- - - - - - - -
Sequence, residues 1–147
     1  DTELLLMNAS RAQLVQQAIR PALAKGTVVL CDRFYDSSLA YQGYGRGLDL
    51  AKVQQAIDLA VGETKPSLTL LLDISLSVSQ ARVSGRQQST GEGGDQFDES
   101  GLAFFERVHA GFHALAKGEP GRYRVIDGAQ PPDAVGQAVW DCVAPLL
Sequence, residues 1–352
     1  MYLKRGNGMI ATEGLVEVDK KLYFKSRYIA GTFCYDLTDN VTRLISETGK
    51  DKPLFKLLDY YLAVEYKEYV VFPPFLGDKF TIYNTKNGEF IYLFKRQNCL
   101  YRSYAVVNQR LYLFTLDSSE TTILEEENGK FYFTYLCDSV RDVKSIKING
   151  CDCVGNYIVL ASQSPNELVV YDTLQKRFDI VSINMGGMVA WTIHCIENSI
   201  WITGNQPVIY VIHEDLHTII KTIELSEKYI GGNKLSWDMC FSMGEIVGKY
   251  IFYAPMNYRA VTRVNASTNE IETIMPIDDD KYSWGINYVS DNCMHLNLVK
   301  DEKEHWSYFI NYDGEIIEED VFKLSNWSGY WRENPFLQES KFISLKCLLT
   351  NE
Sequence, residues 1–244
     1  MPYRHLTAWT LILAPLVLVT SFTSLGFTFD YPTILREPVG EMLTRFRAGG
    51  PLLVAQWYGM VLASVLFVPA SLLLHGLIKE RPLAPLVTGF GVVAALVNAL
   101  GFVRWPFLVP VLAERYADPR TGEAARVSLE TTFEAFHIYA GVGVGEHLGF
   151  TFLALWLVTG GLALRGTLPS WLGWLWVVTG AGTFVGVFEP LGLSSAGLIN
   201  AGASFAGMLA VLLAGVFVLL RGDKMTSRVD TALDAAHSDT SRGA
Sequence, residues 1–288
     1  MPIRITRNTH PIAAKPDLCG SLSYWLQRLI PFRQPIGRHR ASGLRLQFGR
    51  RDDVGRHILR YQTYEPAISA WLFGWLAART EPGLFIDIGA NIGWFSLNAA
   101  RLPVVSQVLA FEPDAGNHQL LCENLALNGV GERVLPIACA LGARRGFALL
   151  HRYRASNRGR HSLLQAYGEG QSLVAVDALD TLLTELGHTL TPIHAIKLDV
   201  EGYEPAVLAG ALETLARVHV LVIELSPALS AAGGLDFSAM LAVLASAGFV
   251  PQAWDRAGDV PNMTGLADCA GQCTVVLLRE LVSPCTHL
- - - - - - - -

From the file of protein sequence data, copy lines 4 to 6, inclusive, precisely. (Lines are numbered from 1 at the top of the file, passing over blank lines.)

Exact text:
   101  GLAFFERVHA GFHALAKGEP GRYRVIDGAQ PPDAVGQAVW DCVAPLL
Sequence, residues 1–352
     1  MYLKRGNGMI ATEGLVEVDK KLYFKSRYIA GTFCYDLTDN VTRLISETGK